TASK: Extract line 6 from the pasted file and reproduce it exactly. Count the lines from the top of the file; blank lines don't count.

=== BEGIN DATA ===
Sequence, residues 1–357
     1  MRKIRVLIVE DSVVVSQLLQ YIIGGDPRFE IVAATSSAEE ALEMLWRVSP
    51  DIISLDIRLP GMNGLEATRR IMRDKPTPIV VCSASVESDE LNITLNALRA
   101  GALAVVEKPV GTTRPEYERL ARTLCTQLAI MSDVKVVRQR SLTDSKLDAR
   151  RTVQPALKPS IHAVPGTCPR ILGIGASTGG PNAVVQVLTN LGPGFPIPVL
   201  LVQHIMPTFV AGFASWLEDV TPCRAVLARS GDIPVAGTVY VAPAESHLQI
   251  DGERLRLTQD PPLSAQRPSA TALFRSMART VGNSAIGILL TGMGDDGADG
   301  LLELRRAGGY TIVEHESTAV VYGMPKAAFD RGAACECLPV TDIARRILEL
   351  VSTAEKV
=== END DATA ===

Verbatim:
   201  LVQHIMPTFV AGFASWLEDV TPCRAVLARS GDIPVAGTVY VAPAESHLQI